Showdown in STL: Chess 960 chaos

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Showdown in STL: Chess 960 chaos

Post by Admin on Sat Nov 14, 2015 10:31 am

11/14/2015 – In many ways, this was the phase of the exhibition matches that promised the biggest surprises. Not so much in results, but the positions, as Chess 960 was on the menu today. While still chess at its core, it meant shuffled pieces, unorthodox castling and no opening preparation of any kind. While Nakamura and Caruana had a tight match, Hou all but wiped Negi off the board.

 
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Chess 960




The matches also presented some technical challenges that caused some slight delays. The reason was that while many software support playing games with the Fischer Random variant, transmitting it, meaning receiving the moves from an outside source and then broadcasting them presented a special challenge.

These were eventually ironed out, but it was an interesting experience for spectators to watch these unusual games played by such high level players. In order to accommodate the unpredictable nature of these new positions, and the complete lack of anything remotely resembling opening preparation, the time control was set to 20 minutes plus a 10-second increment, a slightly slower pace than the next day's rapid game stage.

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To understand both the technical difficulties and the practical ones
for the players, here is the starting position of one of the games
between Caruana and Nakamura. Aside from the obvious strange
position of the pieces, it bears mentioning that both sides can castle.

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After eight moves: 1. d4 d5 2. e3 Nc6 3. g4 g5 4. Ng3 Ng6 5. c4 dxc4
6. Na3 e6 7. Qc2 Qe7 8. Nxc4 Black opts to play... 0-0-0! How does
this happen and where will the king and rook go?

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This is the position after 8...0-0-0. Although the player will indeed
'move' the king to castle, the king ends in exactly the same square
it started on, while the rook swings around. Welcome to Chess 960!


Hikaru Nakamura vs. Fabiano Caruana


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Fabiano Caruana has a few questions regarding the piece placement, notably the king

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This brings smile to Tony Rich, the chief arbiter

Game one for Caruana and Nakamura showed that both players were versed in the unusual nature of the game, which is important to cope with the discomfort of the unknown. The position played out fine, and the play seemed headed towards a draw with an even endgame, but suddenly Nakamura "lost his mind" as he himself put it, and after several serious mistakes, he lost the game.
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After a bad start, losing game one, Nakamura bounced right back in games two and three

He bounced back shortly thereafter with two wins in the games three and four, then in game four they drew and the day's hostilities concluded in Nakamura's advantage with a total of 3.5-2.5 heading into tomorrow.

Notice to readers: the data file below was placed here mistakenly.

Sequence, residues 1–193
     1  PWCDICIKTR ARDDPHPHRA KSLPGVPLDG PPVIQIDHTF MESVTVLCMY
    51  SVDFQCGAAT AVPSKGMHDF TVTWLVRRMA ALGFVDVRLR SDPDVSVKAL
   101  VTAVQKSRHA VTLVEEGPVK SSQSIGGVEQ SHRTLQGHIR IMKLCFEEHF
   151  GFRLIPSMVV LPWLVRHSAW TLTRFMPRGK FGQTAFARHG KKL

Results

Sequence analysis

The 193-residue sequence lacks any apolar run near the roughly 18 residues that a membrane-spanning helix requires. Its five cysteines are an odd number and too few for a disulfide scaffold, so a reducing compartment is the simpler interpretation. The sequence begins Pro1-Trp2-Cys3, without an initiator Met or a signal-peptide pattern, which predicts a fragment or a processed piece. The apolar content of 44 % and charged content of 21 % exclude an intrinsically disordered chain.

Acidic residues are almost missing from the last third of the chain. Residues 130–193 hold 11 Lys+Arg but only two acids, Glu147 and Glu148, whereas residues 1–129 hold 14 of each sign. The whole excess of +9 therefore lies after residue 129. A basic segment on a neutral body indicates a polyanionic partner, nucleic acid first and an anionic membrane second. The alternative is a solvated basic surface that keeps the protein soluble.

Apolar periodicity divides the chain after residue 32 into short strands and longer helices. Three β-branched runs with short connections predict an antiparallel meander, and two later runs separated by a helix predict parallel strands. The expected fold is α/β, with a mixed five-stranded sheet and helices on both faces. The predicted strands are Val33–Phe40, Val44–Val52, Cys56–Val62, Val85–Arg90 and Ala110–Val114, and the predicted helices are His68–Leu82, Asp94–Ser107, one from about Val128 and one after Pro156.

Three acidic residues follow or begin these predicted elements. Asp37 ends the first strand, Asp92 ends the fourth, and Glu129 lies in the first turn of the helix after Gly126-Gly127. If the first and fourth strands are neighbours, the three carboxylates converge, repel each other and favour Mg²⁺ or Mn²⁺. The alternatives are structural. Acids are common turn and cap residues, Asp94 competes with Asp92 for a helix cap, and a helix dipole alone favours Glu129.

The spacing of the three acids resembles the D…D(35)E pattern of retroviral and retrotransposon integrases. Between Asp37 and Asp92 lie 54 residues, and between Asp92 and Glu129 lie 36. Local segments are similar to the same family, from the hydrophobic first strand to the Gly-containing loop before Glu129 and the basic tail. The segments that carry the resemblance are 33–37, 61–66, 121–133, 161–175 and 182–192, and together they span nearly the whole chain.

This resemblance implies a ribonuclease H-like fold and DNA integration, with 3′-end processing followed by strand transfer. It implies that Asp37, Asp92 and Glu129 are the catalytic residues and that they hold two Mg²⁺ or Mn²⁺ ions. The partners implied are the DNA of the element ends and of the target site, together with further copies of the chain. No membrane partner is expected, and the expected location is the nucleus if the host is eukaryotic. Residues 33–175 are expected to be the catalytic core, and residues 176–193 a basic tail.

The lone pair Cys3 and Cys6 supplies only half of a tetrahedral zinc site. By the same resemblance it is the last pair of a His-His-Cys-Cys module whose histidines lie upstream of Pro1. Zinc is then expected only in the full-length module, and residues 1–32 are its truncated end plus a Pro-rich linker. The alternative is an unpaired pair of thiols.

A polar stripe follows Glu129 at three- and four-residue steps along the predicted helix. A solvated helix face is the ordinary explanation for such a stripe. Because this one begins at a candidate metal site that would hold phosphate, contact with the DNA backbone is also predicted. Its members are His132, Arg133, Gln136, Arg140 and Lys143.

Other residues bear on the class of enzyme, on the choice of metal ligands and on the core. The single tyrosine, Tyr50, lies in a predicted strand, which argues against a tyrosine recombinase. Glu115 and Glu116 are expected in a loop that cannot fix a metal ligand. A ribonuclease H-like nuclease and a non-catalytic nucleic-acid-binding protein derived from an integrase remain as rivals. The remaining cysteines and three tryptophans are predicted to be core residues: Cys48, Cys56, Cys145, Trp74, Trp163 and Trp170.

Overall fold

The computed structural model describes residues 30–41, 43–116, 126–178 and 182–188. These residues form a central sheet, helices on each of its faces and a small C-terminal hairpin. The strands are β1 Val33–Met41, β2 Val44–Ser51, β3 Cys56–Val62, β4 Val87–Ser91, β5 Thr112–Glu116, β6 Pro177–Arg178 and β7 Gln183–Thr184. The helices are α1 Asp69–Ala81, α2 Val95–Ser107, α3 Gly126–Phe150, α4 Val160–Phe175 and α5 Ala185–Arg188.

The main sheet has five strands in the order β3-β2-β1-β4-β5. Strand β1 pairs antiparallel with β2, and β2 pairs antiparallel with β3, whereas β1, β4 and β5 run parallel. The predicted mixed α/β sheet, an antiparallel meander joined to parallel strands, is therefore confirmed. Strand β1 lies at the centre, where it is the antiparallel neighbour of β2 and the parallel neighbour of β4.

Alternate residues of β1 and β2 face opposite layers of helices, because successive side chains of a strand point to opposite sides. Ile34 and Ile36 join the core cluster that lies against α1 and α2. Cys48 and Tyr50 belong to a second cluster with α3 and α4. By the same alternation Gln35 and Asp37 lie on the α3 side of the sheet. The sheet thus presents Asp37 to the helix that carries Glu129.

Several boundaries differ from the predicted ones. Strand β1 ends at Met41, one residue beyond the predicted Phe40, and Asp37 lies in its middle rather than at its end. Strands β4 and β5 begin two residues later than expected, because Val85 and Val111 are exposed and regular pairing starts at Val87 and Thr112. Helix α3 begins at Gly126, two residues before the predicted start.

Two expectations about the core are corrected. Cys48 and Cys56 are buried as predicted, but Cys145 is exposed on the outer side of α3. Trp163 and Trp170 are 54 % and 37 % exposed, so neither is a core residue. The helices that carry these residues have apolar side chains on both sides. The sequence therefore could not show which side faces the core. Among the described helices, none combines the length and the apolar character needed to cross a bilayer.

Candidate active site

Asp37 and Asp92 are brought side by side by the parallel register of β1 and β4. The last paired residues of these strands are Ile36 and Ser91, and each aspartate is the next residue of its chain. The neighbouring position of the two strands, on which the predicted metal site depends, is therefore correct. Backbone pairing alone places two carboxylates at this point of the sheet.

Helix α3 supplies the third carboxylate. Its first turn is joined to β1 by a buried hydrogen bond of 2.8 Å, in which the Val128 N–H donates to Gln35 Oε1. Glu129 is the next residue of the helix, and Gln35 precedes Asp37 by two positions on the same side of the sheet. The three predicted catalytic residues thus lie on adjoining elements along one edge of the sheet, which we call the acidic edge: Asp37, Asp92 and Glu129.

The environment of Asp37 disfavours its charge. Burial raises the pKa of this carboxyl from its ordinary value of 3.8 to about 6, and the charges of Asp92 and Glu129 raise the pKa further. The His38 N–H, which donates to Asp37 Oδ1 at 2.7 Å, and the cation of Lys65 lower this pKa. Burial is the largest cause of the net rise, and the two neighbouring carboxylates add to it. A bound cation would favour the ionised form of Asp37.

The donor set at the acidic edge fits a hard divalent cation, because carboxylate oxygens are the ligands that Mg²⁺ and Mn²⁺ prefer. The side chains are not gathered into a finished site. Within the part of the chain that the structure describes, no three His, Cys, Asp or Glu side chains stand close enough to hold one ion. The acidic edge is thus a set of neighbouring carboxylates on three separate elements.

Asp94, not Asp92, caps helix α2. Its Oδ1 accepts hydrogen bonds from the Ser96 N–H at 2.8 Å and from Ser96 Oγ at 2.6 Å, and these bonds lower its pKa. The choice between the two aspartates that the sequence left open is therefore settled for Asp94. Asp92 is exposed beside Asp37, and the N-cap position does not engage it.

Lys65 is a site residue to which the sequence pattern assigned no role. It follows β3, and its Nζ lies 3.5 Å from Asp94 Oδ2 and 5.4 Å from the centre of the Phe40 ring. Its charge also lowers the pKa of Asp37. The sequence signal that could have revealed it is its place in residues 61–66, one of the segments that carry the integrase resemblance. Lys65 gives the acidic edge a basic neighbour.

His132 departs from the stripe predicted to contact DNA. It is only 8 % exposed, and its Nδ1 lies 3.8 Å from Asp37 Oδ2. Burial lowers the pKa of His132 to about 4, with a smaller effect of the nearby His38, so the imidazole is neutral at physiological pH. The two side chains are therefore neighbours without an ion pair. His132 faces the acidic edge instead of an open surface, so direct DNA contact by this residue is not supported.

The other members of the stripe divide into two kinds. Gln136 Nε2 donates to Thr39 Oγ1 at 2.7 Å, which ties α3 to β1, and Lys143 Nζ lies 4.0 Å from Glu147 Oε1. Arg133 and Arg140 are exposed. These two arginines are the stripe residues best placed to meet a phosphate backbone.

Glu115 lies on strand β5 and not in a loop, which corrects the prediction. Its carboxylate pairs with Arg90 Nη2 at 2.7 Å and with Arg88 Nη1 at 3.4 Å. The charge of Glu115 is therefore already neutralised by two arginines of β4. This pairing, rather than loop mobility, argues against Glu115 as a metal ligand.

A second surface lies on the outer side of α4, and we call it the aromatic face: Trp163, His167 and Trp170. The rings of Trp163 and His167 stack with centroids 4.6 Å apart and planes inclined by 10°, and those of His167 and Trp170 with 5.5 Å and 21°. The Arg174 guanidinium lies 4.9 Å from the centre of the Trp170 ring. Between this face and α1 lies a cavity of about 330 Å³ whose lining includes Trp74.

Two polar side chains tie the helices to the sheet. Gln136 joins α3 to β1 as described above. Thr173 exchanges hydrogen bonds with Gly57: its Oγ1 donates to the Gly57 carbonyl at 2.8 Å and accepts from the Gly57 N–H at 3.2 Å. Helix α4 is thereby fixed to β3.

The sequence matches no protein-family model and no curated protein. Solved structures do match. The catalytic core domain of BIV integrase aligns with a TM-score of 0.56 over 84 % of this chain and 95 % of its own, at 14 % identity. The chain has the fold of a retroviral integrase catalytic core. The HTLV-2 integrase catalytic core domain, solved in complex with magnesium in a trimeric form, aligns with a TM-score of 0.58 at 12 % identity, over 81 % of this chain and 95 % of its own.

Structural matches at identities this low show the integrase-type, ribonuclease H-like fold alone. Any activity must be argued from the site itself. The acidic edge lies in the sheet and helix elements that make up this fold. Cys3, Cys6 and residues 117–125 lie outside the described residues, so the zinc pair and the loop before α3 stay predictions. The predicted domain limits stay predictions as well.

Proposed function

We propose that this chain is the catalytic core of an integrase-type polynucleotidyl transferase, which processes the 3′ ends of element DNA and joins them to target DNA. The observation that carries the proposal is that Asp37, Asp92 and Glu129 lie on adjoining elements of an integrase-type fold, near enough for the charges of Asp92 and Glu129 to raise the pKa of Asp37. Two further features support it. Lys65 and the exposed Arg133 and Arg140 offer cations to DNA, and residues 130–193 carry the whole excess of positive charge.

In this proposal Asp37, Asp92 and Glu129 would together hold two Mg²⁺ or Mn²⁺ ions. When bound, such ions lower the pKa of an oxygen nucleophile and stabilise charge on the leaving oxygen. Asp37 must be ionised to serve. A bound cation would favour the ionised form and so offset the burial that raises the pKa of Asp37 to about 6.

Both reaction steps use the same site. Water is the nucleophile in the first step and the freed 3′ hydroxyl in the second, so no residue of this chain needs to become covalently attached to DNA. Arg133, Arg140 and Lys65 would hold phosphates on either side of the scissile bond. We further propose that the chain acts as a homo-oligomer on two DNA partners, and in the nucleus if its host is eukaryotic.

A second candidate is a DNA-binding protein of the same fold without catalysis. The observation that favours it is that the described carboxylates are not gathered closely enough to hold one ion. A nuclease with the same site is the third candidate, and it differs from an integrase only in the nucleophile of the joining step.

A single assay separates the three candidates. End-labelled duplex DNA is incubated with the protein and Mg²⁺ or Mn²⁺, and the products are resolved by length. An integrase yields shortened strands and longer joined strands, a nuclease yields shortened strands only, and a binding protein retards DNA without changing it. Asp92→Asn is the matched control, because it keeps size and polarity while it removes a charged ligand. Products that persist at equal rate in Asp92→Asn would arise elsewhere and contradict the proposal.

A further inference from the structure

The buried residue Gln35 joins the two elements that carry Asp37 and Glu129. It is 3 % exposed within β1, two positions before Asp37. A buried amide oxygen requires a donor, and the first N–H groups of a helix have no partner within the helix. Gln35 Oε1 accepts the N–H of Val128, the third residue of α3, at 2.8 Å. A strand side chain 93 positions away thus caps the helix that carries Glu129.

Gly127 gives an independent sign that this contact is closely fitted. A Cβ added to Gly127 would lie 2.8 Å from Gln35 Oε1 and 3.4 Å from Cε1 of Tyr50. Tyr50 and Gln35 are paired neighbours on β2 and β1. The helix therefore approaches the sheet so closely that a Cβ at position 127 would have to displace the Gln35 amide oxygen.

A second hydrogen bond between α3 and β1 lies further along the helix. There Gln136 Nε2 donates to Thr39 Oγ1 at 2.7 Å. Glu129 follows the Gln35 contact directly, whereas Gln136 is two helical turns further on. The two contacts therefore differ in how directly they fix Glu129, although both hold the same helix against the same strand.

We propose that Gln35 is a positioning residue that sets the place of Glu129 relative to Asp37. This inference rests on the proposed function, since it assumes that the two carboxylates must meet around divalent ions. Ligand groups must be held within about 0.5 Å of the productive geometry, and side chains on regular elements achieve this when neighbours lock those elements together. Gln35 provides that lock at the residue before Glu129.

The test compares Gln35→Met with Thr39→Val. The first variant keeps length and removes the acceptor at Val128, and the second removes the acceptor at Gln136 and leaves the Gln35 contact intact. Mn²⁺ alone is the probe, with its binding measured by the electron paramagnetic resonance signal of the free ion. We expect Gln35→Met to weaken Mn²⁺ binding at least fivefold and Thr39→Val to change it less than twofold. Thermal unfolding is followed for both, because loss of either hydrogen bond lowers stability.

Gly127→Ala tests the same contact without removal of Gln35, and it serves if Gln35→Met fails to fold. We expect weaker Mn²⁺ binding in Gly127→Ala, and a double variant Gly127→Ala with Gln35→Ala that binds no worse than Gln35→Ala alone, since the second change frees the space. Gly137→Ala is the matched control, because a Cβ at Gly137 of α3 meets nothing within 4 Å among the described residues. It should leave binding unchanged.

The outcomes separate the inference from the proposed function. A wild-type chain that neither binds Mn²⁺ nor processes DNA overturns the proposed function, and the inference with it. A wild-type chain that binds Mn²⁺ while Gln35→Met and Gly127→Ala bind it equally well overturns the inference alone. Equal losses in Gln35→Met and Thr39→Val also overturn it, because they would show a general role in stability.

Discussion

When interviewed by Maurice Ashley  after the last game, Fabiano commented that his basic strategy had been to try to play quickly and not waste too much time fretting over the many unknown and unknowable possibilities of the starting position. Maurice asked him whether he felt that focusing on playing fast over studying the position had been a mistake, to which Caruana replied, "It's taken us hundreds of years to understand just the normal starting position in chess so I don't think that an extra ten or fifteen minutes is going to help me over the board."
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Hou Yifan vs. Parimarjan Negi


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If Parimarjan Negi had given Hou Yifan a severe drubbing the previous day, winning their Basque Chess match 2-0, the roles were completely reversed for the Chess 960 stage. Hou Yifan proceeded to demolish the likable Indian 3.5-0.5, even missing a chance to stick it at him for a full 4-0. The positions really did not suit him, and he admitted later that he had seen a few games of Fischer Random before, but had never actually played a game himself. Hou Yifan did not suffer from this handicap, and leveraged her edge in experience to the fullest. After a 0-2 start, she had ended the day leading 3.5-2.5.
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Hou Yifan had every reason to be smiling after today

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Photos by Austin Fuller

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[You must be registered and logged in to see this image.]Albert SilverBorn in the US, he grew up in Paris, France, where he completed his Baccalaureat, and after college moved to Rio de Janeiro, Brazil. He was champion of Rio de Janeiro with a peak rating of 2240, and was a key designer of Chess Assistant 6. In 2010 he joined the ChessBase family as an editor and writer at ChessBase News.
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